“He was a fine scientist, with a very (astute insight into) what the results and data could describe about reality,” said Alvarez-Borrego.

Mullin’s research focused on the dynamics of phytoplankton, zooplankton, and larval fish in the marine food web. “That meant having to take into consideration all kinds of complicated physical-biological interaction in the sea,” he said. Mullin wrote numerous articles in scientific journals, a book, Webs and Scales, and was chief editor of Fisheries Oceanography journal.

“He was the best of us,” said Charles F. Kennel, director of Scripps Institution of Oceanography when he learned of Mullin’s death. “He was one of our best researchers, one of our best teachers, one of our best colleagues, one of our best friends, and one of our best musicians.”

A childhood passion for music persisted throughout his life. In La Jolla, Calif., where he lived, he was a member of the San Diego Master Chorale and conducted the La Jolla Renaissance Singers for more than 30 years.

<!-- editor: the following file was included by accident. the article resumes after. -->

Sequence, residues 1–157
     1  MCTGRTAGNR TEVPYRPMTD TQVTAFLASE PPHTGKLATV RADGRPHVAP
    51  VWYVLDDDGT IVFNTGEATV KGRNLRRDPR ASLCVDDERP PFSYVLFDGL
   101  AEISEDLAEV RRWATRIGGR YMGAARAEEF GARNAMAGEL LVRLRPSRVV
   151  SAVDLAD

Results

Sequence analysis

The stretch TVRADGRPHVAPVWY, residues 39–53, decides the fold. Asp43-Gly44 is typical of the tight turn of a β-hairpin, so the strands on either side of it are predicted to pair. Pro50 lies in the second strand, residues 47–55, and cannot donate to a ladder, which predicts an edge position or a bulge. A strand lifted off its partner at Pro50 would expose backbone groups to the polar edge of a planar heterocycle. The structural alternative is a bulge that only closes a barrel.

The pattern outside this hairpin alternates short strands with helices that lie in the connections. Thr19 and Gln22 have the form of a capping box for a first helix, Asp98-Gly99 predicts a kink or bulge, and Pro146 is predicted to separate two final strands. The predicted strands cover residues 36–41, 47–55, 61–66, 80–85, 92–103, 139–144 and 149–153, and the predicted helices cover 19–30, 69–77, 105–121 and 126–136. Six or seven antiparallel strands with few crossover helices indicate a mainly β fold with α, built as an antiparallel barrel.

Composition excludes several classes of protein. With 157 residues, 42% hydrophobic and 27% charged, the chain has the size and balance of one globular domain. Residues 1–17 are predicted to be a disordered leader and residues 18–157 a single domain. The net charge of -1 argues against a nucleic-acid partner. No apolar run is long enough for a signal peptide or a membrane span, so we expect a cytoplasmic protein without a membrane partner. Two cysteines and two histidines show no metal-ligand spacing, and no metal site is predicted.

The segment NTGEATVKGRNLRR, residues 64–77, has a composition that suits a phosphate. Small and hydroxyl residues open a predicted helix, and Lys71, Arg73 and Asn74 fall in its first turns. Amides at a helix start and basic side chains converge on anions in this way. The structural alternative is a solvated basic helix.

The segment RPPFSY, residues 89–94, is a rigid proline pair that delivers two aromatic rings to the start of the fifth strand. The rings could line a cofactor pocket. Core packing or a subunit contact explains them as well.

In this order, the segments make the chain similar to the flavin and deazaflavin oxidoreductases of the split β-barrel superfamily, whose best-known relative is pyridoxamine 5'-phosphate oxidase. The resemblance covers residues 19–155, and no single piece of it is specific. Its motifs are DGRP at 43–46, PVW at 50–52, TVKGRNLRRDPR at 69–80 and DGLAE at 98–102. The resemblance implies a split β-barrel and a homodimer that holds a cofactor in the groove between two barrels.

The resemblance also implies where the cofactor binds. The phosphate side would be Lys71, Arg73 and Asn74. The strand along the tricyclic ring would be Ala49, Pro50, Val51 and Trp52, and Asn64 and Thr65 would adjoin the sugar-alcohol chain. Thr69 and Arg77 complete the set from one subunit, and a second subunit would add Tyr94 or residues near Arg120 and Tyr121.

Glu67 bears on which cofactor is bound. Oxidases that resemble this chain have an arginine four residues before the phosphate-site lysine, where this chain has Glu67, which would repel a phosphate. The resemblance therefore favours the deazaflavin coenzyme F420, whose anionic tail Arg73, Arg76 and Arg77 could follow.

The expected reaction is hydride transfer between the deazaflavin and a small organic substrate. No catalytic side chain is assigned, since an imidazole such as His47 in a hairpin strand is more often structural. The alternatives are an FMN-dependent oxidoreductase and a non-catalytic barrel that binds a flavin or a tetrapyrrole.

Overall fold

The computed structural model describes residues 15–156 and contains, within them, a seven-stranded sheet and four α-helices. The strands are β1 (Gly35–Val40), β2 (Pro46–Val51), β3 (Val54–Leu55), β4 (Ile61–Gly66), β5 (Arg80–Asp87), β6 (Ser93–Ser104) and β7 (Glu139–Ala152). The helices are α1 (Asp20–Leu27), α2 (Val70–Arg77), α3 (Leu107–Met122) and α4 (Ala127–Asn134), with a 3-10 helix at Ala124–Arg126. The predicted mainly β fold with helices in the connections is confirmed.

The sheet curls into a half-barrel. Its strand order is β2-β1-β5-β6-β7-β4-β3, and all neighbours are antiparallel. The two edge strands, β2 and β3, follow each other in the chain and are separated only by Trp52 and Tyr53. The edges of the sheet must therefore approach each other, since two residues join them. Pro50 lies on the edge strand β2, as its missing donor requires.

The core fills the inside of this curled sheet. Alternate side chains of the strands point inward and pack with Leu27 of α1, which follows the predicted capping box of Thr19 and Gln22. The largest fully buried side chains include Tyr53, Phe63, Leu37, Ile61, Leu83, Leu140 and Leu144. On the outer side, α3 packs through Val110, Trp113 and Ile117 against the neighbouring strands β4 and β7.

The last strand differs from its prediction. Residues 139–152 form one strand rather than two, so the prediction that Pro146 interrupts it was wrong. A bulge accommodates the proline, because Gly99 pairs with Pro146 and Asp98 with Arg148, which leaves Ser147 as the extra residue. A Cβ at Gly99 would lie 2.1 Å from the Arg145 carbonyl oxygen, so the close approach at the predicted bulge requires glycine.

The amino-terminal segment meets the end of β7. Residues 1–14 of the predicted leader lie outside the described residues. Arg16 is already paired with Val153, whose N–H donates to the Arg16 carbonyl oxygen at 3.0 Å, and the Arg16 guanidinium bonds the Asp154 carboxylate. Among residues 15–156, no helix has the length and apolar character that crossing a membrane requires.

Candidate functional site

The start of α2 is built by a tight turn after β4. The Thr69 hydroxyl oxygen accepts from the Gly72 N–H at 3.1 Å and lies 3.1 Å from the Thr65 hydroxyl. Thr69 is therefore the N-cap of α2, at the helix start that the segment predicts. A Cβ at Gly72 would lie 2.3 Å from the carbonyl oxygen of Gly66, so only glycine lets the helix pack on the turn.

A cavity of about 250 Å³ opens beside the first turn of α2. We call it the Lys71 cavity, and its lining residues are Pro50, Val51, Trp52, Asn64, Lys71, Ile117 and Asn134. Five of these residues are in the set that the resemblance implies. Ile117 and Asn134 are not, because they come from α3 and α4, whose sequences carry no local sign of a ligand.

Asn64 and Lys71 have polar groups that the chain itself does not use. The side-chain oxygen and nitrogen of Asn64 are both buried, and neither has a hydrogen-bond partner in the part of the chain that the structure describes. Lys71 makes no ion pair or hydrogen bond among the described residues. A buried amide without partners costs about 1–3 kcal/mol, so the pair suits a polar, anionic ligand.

He was appointed to the UC MEXUS advisory committee in 1997 and served until his death. His family established the Michael M. Mullin Graduate Student Fellowship in Biological Oceanography after his death, as he had wished.


Arthur J. Rubel, professor emeritus of anthropology at UC Irvine, was associated with UC MEXUS for more than 20 years. He received several UC MEXUS grants for his work on perception and treatment of tuberculosis in Mexican and Mexican American communities, and sat on several UC MEXUS grant review committees, where colleagues referred to him as “a professor’s professor,” the kind of academic researcher one aspires to become.

Arthur J. Rubel
Arthur J. Rubel

His involvement with UC MEXUS was a natural partnership for a man who spent half a century in scholarship connected to Mexico, Mexicans and Mexican-Americans.

“Art’s ties to Mexico began after his discharge from the Navy at the end of World War II,” said Rubel’s wife Carole Browner, a professor of anthropology in the UCLA Department of Psychiatry and Biobehavioral Sciences. “Studying, living, and working there opened amazing new vistas and permanently changed his life.”